Jeremy Meier interprets the notorious and charismatic bank robber who famously claimed, “These few dollars you lose here today are going to buy you stories to tell your children and great-grandchildren. This could be one of the big moments in your life; don’t make it your last!”

Jeremy Meier, Associate Professor of Theater, Owens Community College

Tues. April 21 @ 7.30 pm, Wilks Conference Center

John Dillinger faced the media several times during his February 1934 incarceration. His later jailbreak from Crown Point, Indiana thrust Americans into a frenzy of speculation about his whereabouts, plans and thoughts. What if John Dillinger had an opportunity to face the public, this time as a free man? What would people have asked him? And what might Dillinger have said?

  • Free public event
  • Reception to follow

Dillinger’s Wild Ride

Elliott J. Gorn

Joseph A. Gagliano Chair in American Urban History, Loyola University Chicago

Thursday April 9, 7.30 pm, Wilks Conference Center, Miami University Hamilton

Minolta DSCBetween the summers of 1933 and 1934 John Dillinger became one of the most famous men in America. He did it by robbing banks and breaking out of prisons, until finally federal agents gunned him down on the streets of Chicago. We’ll explore why Dillinger captured America’s imagination back then, and why he still haunts us today.

  • Free public event
  • Reception to follow

Hollywood Hoods

Richard O Jones, True Crime Historian.

All Showtimes 7pm
Miami Hamilton Downtown
221 High Street
Robinson-Schwenn Buildingunnamed

Join true crime author Richard O Jones and the Colligan History Project once more as we continue “Hollywood Hoods,” our exploration of Film Noir from the era of Cagney and Dillinger!

  • Coming soon …

Roaring Twenties (1939) March 10
104 minutes
This is the last of three films James Cagney and Humphrey Bogart made together. The rise and fall of their bootlegging characters coincides with the passage and repeal of the 18th Amendment and the Volstead Act.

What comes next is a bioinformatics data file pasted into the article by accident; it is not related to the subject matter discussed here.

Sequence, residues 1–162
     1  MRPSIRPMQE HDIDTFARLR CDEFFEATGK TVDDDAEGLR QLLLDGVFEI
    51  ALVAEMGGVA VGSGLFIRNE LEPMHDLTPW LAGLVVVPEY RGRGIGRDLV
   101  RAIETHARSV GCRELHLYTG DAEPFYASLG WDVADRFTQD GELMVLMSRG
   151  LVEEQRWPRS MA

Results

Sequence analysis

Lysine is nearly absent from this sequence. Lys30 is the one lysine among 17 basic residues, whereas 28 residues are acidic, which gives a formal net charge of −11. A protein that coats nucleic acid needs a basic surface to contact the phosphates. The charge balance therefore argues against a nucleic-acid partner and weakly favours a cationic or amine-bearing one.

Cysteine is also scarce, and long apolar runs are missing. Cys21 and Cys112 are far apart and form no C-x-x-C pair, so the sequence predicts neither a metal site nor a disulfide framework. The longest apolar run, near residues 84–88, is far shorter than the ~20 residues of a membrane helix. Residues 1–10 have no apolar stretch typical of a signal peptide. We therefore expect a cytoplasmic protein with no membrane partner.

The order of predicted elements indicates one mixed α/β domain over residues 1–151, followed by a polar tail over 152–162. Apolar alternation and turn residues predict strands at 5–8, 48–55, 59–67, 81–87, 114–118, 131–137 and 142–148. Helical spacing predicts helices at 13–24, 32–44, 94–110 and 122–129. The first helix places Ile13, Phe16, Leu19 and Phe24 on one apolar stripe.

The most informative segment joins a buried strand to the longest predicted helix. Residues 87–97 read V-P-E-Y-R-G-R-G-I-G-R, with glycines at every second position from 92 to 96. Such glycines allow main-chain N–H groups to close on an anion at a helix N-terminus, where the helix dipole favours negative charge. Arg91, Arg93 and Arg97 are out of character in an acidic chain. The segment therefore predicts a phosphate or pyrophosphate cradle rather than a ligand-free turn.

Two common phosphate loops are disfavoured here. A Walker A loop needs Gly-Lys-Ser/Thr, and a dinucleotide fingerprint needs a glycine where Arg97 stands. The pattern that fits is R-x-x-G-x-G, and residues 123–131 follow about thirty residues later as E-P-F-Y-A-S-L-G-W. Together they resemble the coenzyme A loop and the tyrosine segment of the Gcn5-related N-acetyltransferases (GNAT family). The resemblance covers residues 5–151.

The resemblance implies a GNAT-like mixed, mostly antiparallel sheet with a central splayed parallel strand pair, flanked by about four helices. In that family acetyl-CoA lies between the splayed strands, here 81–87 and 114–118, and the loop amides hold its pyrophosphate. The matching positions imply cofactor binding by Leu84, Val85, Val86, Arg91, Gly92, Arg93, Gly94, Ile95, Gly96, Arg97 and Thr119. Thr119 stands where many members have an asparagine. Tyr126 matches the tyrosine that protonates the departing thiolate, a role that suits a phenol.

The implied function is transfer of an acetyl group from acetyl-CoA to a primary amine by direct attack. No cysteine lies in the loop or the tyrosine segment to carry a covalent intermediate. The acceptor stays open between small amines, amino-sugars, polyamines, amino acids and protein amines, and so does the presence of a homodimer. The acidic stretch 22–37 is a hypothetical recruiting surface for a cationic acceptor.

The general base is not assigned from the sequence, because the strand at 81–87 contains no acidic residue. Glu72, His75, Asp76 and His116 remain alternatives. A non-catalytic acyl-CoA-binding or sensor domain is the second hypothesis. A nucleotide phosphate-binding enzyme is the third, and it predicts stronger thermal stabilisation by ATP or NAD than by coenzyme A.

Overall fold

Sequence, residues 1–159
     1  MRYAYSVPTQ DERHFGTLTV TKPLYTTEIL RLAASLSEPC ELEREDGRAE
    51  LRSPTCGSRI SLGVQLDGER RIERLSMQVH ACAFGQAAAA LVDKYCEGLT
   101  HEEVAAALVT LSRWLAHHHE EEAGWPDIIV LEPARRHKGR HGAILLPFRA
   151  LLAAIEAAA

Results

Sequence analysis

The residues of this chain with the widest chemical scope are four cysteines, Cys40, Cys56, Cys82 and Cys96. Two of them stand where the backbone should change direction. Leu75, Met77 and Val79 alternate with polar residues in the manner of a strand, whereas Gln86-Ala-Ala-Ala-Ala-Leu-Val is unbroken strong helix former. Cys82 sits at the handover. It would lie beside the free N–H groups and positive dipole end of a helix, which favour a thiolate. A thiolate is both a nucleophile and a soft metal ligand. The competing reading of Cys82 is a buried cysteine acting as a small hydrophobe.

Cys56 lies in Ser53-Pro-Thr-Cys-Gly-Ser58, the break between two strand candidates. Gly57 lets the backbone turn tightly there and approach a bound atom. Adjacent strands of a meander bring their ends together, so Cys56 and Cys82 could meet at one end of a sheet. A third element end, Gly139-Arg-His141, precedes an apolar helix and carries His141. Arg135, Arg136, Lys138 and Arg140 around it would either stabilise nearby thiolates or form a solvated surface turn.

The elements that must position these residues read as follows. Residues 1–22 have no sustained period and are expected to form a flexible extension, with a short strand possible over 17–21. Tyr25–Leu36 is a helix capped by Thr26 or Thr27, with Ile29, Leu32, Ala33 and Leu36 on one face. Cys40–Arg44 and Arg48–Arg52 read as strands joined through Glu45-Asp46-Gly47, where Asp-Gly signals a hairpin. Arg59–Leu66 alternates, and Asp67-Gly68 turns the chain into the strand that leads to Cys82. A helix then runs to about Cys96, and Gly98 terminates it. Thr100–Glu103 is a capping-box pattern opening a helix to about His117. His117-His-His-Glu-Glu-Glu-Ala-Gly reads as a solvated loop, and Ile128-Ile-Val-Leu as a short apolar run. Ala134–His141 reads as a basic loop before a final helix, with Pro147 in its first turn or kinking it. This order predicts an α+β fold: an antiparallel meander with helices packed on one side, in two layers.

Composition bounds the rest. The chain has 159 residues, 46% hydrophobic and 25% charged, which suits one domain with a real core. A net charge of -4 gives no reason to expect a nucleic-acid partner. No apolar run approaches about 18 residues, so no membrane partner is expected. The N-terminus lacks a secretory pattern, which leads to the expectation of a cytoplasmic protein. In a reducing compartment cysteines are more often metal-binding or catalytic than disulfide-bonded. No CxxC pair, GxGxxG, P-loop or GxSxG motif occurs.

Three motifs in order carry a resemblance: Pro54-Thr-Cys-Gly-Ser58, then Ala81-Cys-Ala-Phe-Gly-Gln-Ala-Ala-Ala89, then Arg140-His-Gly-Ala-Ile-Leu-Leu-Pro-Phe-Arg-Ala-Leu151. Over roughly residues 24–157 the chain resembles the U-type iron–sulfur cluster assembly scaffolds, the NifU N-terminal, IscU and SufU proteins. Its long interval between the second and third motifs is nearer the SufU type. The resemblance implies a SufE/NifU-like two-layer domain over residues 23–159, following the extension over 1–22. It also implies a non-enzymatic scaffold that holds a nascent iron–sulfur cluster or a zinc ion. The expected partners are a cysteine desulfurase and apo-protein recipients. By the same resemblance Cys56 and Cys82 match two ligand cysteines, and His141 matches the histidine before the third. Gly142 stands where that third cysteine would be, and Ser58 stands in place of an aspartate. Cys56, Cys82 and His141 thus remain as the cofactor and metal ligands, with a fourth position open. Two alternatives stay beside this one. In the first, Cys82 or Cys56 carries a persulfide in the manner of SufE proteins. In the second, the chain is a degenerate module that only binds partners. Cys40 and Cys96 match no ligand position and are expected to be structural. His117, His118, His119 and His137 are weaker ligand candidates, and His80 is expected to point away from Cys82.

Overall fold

Dillinger (1945)
March 17
70 minutes, Lawrence Tierney
The first movie about the infamous bank robber was banned in Chicago and other cities where John Dillinger actually operated. Although it was a low-budget B-picture using newsreel footage and out-takes from other films, it proved so popular that it earned over $4 million ($52 million today) from a $65,000 budget.

Hollywood Hoods: “The Public Enemy” (1931)

Hosted by Richard O Jones, True Crime Historian

Tuesday March 3, 7 pm

Miami Hamilton Downtown, 221 High Street

In addition to the rise of organized crime in America, the Prohibition Era is also responsible for spawning the gangster film genre. Our “Hollywood Hoods” series explores three early gangster genre hits and discusses their foundation in reality. Each event includes an introduction by True Crime Historian Richard O Jones and a post-screening discussion of themes, motifs and impacts.

Our first featured film is 1931 classic The Public Enemy (83 mins), starring James Cagney.The Public Enemy poster copy (1)

Although he rose to prominence as a song and dance man and starred in many romantic comedies, James Cagney came to typify Hollywood’s American gangster. The Public Enemy is the film that started it. Made from an unpublished novel by two of Al Capone’s thugs, the characters are based on real people.

  • free, public event
  • refreshments provided!